“I know there are other dogs of her caliber, because I have hunted with some, but she was just that one dog for me”
- Mark Dufresne

Dufresne hunted with Brin until she was thirteen years old. Here are his thoughts on his legendary bear hound: “Her trailing ability was her strongest strength. Her intelligence coupled with that ability enabled her to do an outstanding job. I believe the bobcat hunting, the way we hunt on foot with the dog, helped to develop her natural ability and made trailing tough tracks look easy. In thirteen-plus years, she went backwards on tracks four times and there were extenuating circumstances on each of those.
Running big brown bears with two hounds may sound counterintuitive to most North American bear hunters. In Scandinavia, due to a two dog rule, two hounds has to be enough. The hunters and their hounds have adapted, and the hounds learn to protect each other while doing it.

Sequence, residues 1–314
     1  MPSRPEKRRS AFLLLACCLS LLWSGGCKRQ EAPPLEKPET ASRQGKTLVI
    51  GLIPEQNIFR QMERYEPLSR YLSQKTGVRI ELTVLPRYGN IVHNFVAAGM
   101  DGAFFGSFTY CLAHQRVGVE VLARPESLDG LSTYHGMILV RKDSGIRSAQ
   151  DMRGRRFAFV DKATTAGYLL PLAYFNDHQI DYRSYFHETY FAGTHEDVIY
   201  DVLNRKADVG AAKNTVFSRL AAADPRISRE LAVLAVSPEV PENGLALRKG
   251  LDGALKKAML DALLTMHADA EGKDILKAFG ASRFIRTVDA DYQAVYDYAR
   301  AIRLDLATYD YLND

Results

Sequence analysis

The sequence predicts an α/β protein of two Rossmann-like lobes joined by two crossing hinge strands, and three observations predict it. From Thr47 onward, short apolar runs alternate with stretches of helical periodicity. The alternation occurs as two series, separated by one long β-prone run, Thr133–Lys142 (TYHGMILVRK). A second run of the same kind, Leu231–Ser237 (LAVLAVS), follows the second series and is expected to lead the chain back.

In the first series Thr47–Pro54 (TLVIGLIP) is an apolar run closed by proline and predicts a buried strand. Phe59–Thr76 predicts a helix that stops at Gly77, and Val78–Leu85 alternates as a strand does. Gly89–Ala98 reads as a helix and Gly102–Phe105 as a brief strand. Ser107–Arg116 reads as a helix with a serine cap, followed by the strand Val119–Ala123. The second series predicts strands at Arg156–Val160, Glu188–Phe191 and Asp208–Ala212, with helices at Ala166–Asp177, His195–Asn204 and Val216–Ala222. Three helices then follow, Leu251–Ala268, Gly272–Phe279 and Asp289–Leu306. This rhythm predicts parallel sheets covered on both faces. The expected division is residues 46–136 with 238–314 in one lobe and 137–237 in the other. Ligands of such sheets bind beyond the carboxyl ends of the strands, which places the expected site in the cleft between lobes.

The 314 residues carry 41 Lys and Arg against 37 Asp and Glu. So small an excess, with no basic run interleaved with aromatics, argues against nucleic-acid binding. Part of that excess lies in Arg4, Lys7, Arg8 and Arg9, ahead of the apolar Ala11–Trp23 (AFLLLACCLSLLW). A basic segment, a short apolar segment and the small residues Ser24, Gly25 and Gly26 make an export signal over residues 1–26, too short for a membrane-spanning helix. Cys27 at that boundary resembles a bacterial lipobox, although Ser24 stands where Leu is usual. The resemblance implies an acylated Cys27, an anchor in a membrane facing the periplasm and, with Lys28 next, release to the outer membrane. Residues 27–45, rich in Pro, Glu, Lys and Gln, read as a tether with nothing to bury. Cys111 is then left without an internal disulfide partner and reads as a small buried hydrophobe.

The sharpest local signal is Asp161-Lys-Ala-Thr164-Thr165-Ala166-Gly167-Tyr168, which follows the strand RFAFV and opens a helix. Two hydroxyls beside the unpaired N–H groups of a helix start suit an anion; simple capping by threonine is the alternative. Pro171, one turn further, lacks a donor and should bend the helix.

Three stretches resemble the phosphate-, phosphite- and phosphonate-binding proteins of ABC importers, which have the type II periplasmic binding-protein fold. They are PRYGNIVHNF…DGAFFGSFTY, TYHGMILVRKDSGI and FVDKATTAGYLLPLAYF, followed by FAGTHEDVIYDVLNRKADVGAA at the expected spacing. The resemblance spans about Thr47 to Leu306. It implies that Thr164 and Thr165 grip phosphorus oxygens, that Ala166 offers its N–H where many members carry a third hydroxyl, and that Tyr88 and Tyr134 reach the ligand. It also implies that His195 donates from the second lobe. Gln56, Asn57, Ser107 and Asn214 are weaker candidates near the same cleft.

It’s somebody who is completely devoted to the dogs and is serious enough that it’s not a passive hobby. To be a big game houndsman and a devoted breeder and trainer of big game hounds, you have to be one hundred percent in.
The older we get the rarer it is to find new experiences that give us a sense of wonder and a moment of surreal stupor. I was recently given a last-minute opportunity to join in on a lynx hunt with hounds in British Columbia that provided that for me.
Long before the Declaration of Independence was signed in 1776 or the United States won its independence from Great Britain, westward expansion was leading rugged, hardy men and their families to settle the western frontier. They were carving out a life in what is still known as Appalachia.